I’ve developed a relationship with the local rabbi and have been trying to assimilate. He took great interest in our family and invited us to a few events. He told me it was actually quite common for the woman to drive the religious growth of the family, even if the chosen religion was not her original one.
We were recently invited to the family Shabbat at the Conservative Temple. Ross was working late that day, so I took the kids alone. I couldn’t understand a thing they said, as it was all in Hebrew. And yet I liked the level of pious worship they practiced there. It felt sincere; familiar even.
We tried the Reform joint, but that was not for me. Although their rules are more relaxed, I felt a bit invisible there, excluded even, like I’d never be Jewish enough. And what they don’t tell you about becoming Jewish is that at some point you must join a community -- a synagogue -- which requires a significant financial commitment.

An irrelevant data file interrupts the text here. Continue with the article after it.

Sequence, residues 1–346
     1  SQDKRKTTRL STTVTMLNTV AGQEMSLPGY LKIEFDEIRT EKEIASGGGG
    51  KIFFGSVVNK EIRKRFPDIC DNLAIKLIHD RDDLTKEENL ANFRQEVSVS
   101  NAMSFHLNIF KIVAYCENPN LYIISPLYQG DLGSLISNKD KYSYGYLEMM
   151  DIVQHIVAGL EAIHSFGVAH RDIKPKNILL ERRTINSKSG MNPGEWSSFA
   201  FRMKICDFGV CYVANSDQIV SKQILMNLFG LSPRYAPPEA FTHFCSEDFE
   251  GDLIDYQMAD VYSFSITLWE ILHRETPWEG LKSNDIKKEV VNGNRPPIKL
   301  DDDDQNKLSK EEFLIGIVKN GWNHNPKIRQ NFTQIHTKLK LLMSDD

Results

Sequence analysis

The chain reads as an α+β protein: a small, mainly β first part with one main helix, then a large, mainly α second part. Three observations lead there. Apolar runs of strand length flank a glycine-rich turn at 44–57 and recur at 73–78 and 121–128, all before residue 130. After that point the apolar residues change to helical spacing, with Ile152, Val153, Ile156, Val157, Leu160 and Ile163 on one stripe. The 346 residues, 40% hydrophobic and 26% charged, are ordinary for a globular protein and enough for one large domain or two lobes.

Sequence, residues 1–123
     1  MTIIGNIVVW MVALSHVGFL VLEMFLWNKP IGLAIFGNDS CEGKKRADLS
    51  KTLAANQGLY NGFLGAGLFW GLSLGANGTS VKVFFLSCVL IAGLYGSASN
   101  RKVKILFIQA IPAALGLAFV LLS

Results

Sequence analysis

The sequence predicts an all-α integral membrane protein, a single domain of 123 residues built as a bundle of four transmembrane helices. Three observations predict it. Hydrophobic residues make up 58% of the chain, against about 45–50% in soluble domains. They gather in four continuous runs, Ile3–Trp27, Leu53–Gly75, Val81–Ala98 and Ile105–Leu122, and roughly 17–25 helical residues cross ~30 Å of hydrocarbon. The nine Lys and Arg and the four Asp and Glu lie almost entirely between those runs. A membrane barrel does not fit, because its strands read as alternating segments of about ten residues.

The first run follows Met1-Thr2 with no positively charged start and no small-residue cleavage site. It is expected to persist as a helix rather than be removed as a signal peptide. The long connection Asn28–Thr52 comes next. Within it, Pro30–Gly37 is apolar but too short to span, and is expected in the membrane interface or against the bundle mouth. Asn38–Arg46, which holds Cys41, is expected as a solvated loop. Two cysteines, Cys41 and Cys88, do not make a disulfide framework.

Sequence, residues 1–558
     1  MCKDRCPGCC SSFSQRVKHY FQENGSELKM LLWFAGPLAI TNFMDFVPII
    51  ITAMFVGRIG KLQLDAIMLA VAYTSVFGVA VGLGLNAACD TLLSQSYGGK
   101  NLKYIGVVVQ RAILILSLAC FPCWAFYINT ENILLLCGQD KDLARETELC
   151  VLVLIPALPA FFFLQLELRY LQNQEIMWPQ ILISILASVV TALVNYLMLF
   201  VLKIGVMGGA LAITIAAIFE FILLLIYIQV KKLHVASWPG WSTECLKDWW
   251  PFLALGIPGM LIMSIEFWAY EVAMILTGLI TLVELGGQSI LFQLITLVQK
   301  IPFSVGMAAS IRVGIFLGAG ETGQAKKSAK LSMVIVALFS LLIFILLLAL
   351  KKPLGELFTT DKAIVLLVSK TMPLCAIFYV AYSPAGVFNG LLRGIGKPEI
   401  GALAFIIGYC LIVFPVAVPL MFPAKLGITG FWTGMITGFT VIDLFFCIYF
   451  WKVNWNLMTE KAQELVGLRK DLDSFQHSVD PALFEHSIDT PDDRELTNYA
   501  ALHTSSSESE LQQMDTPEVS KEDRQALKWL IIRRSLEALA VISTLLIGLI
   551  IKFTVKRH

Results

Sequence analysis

Catholics may require baptism to take the Eucharist, but they let you visit and worship with them, passing around a donation basket. Non-denominational Christian dogma welcomes all, despite your level of sin. Just state Jesus is your savior and you’re in! Eternal life. If you want to become a member of the temple, however, you have to PAY. Like, a lot. I'm talking a second mortgage. In check form all at once, upfront. It's a commitment!
I want my kids to be proud of their religious heritage. Who knows? I might even convert one day. The pressure is mounting.
We were recently at a Filipino Catholic family wedding. Sam heard the priest say the word Jesus. “Who’s Jesus, Mom?” he asked. I said, “He’s the son of God, honey.” My mother-in-law shot me a look. Oops.